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What’s Up With WhatsApp Scams: The Evolution of Cybercrime
November 8, 2020 IrfanNaufal

This article is attributed to Friday Chua, Founder and CEO of CiMS Tech.

In early 2023, Malaysia had a total of 44.05 million active cellular mobile connections and counting. Clearly, digital communication has become an integral part of everyday life, which includes day-to-day operations for local businesses. However, there’s a darker side to the surge in online communications — the growing epidemic of mobile scams.

As a significant portion of these fraudulent activities are happening on platforms like WhatsApp, we will specifically explore the role that WhatsApp plays in this scam epidemic, and how the safety of online communication can be bolstered.

Malaysia’s Rising Online Scam Epidemic

According to PwC’s Global Economic Crime and Fraud Survey 2022, a staggering 51% of organisations experienced fraud over the course of two years, with a whopping 40% of these cases related to platform fraud. The most common form of platform fraud involves fraudulent transfers, which include cases like identity theft, device cloning, and synthetic IDs.

In fact, online fraud accounts for a majority of commercial crime in Malaysia. From 2020 to 2023, a total of almost 72,000 commercial crime cases were reported, resulting in RM5.2 billion in losses — and 68% of these were online fraud cases.

Scams, of course, affect individuals and businesses of all sizes, but MSMEs and SMEs often are too busy focusing on revenue generation and other business-related priorities to dedicate attention and resources to fraud prevention and securities. In addition, they may not have the tools or knowledge at hand to keep scammers at bay in the first place.

WhatsApp’s Role & Vulnerabilities

With up to 13.8 million Malaysians in the country using WhatsApp, the platform has become a focal point for scammers. These bad actors commonly use the platform to carry out various scams, from phishing to deceptive charitable donations, and even verification code scams. There are even cases where scammers pose as HR recruiters, targeting Malaysians seeking part-time work to cope with rising costs of living.

Naturally, the convenience and widespread use of WhatsApp make it an ideal hunting ground for these fraudsters. Recent advances in artificial intelligence technology contribute to the seeming credibility of scams as well. Scarily, researchers at McAfee discovered that cybercriminals now need as little as three seconds of someone’s voice to successfully clone it and make it usable in a scam call thanks to generative AI tools. This only makes it that much harder for the average person to determine a scam from a genuine message.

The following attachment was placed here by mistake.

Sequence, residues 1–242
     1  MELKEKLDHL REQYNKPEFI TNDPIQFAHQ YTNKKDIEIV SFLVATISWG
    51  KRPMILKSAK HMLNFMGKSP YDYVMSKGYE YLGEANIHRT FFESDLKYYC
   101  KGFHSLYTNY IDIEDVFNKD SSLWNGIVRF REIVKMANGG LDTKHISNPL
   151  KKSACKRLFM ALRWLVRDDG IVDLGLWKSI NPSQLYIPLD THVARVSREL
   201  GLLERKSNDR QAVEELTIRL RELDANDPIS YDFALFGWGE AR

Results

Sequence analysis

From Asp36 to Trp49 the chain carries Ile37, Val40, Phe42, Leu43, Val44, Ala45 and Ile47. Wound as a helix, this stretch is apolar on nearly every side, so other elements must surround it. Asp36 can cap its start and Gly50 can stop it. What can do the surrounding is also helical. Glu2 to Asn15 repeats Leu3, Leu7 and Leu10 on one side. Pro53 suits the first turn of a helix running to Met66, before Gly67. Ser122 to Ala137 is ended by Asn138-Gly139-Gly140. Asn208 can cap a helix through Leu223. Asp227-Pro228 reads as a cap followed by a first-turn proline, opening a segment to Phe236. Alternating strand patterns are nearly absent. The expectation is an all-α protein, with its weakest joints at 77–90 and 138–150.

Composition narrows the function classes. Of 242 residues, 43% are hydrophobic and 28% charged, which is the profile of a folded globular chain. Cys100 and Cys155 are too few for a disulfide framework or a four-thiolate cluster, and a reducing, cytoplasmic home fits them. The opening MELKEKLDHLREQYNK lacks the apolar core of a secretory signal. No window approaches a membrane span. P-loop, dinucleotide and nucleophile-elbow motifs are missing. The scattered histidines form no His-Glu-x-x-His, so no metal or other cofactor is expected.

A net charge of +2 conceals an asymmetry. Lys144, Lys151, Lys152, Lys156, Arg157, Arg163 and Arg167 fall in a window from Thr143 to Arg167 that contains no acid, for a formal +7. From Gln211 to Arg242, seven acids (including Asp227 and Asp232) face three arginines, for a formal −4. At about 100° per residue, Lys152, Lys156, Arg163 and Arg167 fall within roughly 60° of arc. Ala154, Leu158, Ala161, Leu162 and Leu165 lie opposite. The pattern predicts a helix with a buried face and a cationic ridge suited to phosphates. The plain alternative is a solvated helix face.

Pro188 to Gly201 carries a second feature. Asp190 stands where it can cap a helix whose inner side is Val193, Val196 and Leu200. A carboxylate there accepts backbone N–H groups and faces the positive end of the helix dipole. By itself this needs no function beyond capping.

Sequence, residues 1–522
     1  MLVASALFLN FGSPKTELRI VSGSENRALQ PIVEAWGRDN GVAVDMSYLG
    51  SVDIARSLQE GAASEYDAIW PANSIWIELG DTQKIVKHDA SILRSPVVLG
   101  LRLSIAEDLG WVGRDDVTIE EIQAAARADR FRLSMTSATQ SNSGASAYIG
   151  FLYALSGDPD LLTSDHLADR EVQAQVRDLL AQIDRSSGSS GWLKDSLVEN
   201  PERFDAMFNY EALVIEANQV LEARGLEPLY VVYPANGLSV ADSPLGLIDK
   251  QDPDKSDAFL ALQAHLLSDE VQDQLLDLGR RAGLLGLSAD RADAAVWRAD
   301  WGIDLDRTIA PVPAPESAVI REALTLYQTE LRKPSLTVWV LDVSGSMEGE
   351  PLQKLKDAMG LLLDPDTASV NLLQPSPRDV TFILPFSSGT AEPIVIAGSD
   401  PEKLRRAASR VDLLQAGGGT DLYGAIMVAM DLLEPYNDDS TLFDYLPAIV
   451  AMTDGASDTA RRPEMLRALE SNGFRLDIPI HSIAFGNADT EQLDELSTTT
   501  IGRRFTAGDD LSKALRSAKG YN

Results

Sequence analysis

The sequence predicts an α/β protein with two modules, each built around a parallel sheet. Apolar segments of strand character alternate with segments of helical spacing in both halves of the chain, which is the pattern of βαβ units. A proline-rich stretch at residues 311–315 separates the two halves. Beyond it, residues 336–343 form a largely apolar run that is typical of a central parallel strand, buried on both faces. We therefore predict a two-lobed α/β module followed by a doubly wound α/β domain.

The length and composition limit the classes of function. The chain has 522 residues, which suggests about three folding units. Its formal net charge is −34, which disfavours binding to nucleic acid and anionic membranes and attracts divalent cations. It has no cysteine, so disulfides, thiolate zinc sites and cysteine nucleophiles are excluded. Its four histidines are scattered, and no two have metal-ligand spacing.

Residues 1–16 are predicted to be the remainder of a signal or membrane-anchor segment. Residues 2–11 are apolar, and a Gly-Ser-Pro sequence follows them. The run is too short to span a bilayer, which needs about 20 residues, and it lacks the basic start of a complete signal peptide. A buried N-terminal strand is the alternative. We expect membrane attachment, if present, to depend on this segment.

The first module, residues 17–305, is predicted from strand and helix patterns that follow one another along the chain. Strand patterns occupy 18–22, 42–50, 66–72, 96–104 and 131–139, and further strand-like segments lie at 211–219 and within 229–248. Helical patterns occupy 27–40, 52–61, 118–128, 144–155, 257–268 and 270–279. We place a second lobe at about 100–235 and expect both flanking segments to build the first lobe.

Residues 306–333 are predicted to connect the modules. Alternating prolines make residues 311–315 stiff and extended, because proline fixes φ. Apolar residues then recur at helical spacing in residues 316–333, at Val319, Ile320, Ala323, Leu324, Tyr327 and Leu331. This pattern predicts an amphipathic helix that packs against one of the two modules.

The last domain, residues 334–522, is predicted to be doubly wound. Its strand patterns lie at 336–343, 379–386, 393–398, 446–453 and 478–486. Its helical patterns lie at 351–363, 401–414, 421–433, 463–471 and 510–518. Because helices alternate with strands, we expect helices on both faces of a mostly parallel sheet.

In addition, even the app’s end-to-end encryption can give users a false sense of security, as messages backed up in the cloud are still fairly unsecured. Granted, WhatsApp is working on an upgrade to address this problem by introducing password protection for cloud backups. Despite this, it’s clear that there needs to be another level of security, especially for those who rely heavily on the platform for conducting business.

WhatsApp Business Verification: Building Trust

Knowing all this, a crucial step in addressing the scam epidemic on WhatsApp is the implementation of WhatsApp Business Verification. A verified Whatsapp Business account creates a stronger first impression by displaying your business name and badge, which also helps to increase visibility. Most importantly, this verification badge helps users distinguish between legitimate businesses and potential scams, fostering a safer environment for online transactions and communication.

The escalating scam epidemic in Malaysia is undoubtedly a pressing concern that demands immediate attention. As we have seen, scams have evolved to exploit the vulnerabilities of online platforms like WhatsApp, putting millions of users at risk. To combat this issue effectively, awareness, education, and measures such as WhatsApp Business Verification are essential. CiMS Tech aims to continue encouraging Malaysian businesses to stay vigilant and adopt a proactive stance in online security.

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